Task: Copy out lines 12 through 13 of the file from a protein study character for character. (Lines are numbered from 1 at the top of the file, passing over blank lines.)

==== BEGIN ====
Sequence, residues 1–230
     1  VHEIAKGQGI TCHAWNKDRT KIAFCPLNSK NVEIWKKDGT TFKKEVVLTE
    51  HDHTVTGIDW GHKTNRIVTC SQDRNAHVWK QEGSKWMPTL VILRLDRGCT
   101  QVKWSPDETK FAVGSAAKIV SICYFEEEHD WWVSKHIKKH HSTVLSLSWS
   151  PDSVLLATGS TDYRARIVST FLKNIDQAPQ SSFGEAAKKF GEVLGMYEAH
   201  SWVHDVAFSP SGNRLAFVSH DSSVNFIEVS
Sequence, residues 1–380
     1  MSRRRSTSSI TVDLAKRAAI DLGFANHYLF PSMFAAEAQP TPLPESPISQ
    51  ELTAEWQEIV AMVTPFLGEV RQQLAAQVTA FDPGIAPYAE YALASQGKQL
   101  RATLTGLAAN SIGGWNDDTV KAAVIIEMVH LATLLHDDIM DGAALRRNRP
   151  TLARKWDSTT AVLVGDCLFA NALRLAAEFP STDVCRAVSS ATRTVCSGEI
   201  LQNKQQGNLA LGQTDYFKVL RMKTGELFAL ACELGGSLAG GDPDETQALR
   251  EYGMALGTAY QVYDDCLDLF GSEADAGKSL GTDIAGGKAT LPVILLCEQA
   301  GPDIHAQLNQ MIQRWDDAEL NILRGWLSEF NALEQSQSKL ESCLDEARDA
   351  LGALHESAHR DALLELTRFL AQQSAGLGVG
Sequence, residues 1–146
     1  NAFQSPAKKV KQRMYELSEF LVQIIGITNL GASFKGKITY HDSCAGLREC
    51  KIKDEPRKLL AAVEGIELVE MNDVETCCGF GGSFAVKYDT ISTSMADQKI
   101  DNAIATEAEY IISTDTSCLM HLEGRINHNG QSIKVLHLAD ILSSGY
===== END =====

   201  LQNKQQGNLA LGQTDYFKVL RMKTGELFAL ACELGGSLAG GDPDETQALR
   251  EYGMALGTAY QVYDDCLDLF GSEADAGKSL GTDIAGGKAT LPVILLCEQA